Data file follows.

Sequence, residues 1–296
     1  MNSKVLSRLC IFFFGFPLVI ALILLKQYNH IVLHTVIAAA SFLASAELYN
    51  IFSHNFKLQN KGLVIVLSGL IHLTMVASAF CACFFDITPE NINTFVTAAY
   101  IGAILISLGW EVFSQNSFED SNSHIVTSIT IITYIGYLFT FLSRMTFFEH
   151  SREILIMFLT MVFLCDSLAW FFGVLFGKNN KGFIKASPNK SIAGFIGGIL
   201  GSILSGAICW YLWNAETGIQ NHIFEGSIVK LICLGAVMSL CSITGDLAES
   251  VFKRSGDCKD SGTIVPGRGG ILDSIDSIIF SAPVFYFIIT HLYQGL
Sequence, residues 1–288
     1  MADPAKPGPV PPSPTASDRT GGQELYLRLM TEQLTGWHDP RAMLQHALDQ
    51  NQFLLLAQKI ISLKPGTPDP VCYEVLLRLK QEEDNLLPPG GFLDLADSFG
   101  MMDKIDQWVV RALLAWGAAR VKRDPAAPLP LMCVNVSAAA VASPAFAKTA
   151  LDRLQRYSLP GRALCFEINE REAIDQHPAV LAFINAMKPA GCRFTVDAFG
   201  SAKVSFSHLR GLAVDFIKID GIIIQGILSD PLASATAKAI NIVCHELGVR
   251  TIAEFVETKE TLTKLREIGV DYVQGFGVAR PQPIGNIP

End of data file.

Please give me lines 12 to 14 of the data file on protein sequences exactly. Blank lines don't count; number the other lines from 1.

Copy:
   151  LDRLQRYSLP GRALCFEINE REAIDQHPAV LAFINAMKPA GCRFTVDAFG
   201  SAKVSFSHLR GLAVDFIKID GIIIQGILSD PLASATAKAI NIVCHELGVR
   251  TIAEFVETKE TLTKLREIGV DYVQGFGVAR PQPIGNIP